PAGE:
Amidst the general public concern over rising levels of student loan debt, racial disparities have attracted increasing attention. Students of color are more likely to borrow, borrow more, and are more likely to default conditional on borrowing. Student loan delinquencies are also geographically concentrated in Black and Latino communities. These patterns are not fully explained by differences in parental income and wealth, indicating that postsecondary and labor market experiences also contribute to racial disparities in debt outcomes.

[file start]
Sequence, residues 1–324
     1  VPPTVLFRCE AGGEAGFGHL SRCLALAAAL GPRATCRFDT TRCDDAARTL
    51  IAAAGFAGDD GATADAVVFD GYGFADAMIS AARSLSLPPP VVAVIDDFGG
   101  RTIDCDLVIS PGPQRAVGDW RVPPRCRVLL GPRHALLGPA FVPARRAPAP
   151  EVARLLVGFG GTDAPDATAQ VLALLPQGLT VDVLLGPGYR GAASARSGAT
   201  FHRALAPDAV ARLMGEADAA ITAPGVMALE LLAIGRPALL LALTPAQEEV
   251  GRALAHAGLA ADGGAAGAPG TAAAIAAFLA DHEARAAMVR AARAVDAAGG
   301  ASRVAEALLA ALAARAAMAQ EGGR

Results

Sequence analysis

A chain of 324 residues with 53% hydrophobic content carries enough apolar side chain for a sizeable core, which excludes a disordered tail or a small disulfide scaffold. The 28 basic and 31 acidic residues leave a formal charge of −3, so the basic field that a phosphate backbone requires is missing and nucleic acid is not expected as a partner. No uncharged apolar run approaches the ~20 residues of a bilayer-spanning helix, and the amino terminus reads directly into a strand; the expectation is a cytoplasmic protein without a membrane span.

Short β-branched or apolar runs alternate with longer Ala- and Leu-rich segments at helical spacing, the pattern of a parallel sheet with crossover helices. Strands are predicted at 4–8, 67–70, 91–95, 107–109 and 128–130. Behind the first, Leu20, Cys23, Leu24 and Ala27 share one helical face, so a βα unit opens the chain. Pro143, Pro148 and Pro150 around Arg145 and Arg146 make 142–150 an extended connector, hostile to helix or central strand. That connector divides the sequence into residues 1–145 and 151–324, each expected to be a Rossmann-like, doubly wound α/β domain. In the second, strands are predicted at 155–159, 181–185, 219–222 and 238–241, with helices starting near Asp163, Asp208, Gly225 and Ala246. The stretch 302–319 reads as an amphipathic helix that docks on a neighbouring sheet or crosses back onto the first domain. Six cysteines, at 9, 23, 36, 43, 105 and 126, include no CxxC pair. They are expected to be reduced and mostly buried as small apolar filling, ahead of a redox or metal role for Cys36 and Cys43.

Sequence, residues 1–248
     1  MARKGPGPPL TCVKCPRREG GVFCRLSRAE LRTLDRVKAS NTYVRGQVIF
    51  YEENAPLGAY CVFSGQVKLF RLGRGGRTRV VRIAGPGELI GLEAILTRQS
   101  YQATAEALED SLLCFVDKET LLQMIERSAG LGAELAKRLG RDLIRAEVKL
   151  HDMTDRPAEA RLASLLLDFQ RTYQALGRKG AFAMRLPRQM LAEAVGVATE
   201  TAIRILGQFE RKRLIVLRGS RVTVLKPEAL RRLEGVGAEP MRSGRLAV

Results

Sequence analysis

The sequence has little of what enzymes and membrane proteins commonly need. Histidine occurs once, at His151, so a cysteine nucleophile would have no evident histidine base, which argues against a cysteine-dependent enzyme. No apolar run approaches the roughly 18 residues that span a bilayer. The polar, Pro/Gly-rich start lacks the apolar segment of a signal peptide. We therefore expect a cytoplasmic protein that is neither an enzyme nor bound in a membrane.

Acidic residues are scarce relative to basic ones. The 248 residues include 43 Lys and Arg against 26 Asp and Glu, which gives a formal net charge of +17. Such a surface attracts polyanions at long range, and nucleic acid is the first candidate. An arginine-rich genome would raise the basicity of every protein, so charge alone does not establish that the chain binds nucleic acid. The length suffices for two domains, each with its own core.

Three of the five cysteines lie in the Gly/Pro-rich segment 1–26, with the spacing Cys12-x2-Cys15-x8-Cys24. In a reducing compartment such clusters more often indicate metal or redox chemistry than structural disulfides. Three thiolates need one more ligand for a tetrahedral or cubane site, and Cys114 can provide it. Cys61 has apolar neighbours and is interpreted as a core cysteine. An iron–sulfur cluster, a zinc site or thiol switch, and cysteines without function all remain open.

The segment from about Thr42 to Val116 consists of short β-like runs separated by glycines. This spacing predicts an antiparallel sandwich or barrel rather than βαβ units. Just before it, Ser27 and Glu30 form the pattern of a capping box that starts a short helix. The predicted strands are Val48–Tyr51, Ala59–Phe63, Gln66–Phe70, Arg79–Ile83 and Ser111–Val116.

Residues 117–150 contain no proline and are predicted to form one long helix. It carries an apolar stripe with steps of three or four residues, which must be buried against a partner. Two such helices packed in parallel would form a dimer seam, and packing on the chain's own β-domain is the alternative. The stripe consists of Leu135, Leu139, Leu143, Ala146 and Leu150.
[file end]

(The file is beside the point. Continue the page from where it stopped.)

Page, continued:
In this report, the authors provide new evidence that the problem is even worse than previously understood. Four years after earning a bachelor’s degree, Black graduates have nearly $25,000 more student loan debt than their White peers: $52,726 on average, compared with $28,006 for the typical White bachelor's graduate. This total debt gap is more than triple the previously documented Black–White gap in undergraduate borrowing, which is “only” about $7,400 ($23,400 versus $16,000). Black college graduates are also three times more likely to default on their debt within four years of graduation.